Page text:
I must tell you that when I was assigned to the Legal Transfer Department my heart sunk. It was headed, I knew, by a man, shorter than I, who, for reasons I don’t know and never learned, had lost the bottom half of his face. The deformation was jarring. And on those too frequent occasions when I rode the elevator with him (which, we all know, is what happens when you deliberately seek to avoid someone), he was cheerful. But he had a really hard to understand voice. And I did the smile and nod. (I can be bitchy now, but I think I was a cruel bitch back then.) Assigned to his department, I did my best to avoid him. And I got pretty good at it.
True story: One Friday, while waiting at the information booth in the concourse of Grand Central Station for my pal Felipa Proper (her real name), I was doing the NYT crossword puzzle. Suddenly, a camera crew approached. There had been a “scandal” in the news, the New York Times was, it was reported, recycling old puzzles. As an apparent puzzle-doer, they interviewed me about my thoughts on the matter. I can’t remember what I said, but it was smart enough that I guess it made the 11 PM news (WABC-TV New York). I never saw it. There were no VHS recorders back then.
That Monday, I went to my office on the upper floors of OLP before heading down to Legal Transfer. I chatted it up with my colleagues. I chatted it up with my boss. I braced myself for Legal Transfer, and armed with my yellow pad, headed once more into the breach. But with none of the enthusiasm of Hal’s troops. And at about 4PM headed back upstairs—to the world of mahogany desks and big windows and carpet and secretaries and Brooks Brothers. At the elevator, the man without the jaw approached me, and in his barely comprehensible voice said, “I think you were very funny on the news.” I had completely forgotten. I hadn’t seen it. I don’t know if anyone else had. Then he said something else about the paper. He, too, did the puzzle. And then I went upstairs.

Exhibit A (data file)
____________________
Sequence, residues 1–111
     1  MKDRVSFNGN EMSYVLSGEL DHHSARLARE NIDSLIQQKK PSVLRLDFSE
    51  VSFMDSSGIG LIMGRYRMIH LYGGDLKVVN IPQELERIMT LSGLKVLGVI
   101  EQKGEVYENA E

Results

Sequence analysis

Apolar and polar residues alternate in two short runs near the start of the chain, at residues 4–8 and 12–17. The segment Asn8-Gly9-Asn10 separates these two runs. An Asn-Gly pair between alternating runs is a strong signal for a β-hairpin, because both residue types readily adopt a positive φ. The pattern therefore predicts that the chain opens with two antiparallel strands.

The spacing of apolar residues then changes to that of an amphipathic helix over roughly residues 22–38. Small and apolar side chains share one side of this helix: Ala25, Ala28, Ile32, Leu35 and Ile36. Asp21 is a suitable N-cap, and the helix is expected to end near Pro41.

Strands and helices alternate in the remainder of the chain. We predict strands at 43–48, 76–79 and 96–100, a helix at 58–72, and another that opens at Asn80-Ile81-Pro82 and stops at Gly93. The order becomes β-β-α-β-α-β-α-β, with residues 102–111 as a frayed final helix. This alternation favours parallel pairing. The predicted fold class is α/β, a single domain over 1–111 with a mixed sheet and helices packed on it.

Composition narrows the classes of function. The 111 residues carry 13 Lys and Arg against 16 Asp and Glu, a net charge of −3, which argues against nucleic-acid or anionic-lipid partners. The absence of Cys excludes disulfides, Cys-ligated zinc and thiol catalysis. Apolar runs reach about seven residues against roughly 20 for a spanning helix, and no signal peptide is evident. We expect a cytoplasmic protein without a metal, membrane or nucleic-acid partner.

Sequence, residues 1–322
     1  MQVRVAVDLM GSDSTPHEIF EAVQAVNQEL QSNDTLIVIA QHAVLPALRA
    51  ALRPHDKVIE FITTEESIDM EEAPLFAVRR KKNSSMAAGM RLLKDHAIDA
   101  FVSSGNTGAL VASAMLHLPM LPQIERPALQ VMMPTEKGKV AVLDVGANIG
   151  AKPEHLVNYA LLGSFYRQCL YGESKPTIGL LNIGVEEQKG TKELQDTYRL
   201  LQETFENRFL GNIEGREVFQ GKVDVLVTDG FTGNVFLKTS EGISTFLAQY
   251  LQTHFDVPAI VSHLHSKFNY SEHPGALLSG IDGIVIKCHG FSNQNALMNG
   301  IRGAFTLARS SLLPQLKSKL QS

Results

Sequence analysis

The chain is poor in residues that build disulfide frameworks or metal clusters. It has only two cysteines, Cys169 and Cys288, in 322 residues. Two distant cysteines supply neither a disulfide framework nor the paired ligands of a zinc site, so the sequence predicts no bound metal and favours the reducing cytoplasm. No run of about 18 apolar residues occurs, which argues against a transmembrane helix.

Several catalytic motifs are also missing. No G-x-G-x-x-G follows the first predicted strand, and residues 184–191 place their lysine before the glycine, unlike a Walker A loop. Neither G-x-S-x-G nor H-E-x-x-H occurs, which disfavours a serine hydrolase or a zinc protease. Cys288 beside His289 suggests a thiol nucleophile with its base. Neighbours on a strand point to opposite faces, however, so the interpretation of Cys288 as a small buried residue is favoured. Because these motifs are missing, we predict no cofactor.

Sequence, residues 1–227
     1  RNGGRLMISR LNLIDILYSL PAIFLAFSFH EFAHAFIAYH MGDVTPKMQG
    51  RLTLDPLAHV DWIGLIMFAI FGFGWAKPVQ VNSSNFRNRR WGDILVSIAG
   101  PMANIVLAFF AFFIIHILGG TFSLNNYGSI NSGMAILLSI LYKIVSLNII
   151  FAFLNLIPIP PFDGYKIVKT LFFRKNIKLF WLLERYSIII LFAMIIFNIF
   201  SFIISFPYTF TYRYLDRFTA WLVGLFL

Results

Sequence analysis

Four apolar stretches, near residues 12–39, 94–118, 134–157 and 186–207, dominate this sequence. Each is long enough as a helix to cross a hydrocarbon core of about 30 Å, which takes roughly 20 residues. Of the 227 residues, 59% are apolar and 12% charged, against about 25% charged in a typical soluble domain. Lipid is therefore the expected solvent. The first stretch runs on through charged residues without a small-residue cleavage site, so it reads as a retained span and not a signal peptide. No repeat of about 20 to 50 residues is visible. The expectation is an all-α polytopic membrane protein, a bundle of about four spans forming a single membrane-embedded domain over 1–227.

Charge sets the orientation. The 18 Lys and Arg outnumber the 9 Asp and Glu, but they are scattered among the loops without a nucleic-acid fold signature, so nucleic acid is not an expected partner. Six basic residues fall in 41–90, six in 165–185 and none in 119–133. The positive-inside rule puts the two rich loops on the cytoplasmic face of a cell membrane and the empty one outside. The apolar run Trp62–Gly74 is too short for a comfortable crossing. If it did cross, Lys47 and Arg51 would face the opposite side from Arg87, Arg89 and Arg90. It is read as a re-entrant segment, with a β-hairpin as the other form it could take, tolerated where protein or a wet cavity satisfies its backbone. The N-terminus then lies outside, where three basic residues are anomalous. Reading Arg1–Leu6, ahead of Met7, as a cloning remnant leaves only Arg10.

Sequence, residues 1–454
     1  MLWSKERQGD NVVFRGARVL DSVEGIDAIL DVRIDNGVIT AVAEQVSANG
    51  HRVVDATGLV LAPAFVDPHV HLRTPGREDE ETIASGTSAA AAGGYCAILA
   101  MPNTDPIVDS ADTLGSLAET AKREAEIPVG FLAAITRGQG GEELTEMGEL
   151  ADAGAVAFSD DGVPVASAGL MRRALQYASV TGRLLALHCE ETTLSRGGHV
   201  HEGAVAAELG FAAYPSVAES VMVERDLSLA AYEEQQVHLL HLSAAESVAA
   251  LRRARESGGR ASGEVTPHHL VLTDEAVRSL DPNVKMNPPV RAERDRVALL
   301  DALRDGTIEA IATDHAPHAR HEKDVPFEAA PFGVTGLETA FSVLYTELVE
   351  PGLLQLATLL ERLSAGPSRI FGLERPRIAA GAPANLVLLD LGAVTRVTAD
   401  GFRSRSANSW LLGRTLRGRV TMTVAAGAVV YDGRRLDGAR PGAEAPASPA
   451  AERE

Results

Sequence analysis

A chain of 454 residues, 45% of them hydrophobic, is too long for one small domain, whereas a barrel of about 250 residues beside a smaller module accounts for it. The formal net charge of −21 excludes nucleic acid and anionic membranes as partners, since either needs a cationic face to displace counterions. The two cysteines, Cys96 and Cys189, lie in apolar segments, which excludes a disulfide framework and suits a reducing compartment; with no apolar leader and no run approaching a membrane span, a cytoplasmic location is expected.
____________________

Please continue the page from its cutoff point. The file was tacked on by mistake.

I swear this is true. And I swear that after that encounter I actually would go to his office and talk about his department. Not a lot. But more than I had. He was really funny. And he was really really smart. And then I transferred to San Francisco. I left my notes and my suggestions for Legal Transfer behind. My colleagues had a party for me at Smith and Wollensky’s. I never went to say goodbye to the people in Legal Transfer. And even as I write this and wrack my brain, I can’t come up with his name, or the names of any of the clerks I sat with for hours and hours. But, in a bow to the synecdoche, I can picture the hand of one of the women I watched, because despite the stamps that turned her hands into claws, she still wore like seven rings—her wedding rings and a bunch of really crappy fake jeweled things. As I say, a cruel bitch.
I was sent to Legal Transfer to document procedures. It was part of familiarizing the “JETS”—the new crop of “Junior Executive Trainees, of which I was one—with the “operations” side of the business. The bulk of the floors in the towering OLP were devoted to “the back of the house” (only now, as a student and teacher of literature and theory, does that notion—back of—resonate), and we were expected to know the back and the front. I spent my day watching and noting what seemed superfluous, what could be cut, how positions could be eliminated. Because in reality, I was trying to streamline the “back of the house.” Streamline means get rid of people. Bain Capital got rid of people, and I don’t care what euphemism they use to obfuscate that ultimate aim, it is what they did. And maybe the jobs the people did were superfluous. But the people were not. But you have to see the people. They don’t. Neither did I. If, in the world of big capital, you see the people, then that world becomes untenable. I ran to San Francisco. I ran to a kinder-gentler Charles Schwab. And, finally, I had to run from.
I am not saying we don’t need corporations. But I am thinking that we need to focus a little more on the people. And that is not what corporations do. It’s not their job to worry about Nick in Golden with his café (Nick’s Café, fabulous!) where his wife is the only server and he is the only cook. It’s not their job to care about the gal on the line at a factory who needs day care or elder care or an alternator in her car. They don’t care about the old men with school-book brief cases or the lady with too many rings. And I don’t even know if they should be thinking about such things. Maybe, maybe not. But that’s not their aim. They are driven by a bottom line that is measured by dollars. And, yes, I realize that the government and its spending is also a matter of dollars and cents. But the difference is, as important as is the economics, the government must think about the people. It has to. And, I think, it has to think about them first. Running a corporation makes one especially unfit for that responsibility.